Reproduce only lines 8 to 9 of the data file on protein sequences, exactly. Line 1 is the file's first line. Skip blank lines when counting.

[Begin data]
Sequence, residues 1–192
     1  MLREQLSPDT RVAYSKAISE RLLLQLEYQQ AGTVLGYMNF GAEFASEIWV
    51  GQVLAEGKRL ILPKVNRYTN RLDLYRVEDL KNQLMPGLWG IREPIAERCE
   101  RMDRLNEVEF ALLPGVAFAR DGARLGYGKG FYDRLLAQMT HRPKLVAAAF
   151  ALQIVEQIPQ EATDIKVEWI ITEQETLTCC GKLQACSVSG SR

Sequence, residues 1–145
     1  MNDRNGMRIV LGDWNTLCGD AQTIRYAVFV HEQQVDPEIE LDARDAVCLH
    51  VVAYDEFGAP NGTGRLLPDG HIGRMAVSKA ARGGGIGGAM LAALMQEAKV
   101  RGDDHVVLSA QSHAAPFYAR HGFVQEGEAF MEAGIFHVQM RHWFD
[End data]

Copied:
    51  VVAYDEFGAP NGTGRLLPDG HIGRMAVSKA ARGGGIGGAM LAALMQEAKV
   101  RGDDHVVLSA QSHAAPFYAR HGFVQEGEAF MEAGIFHVQM RHWFD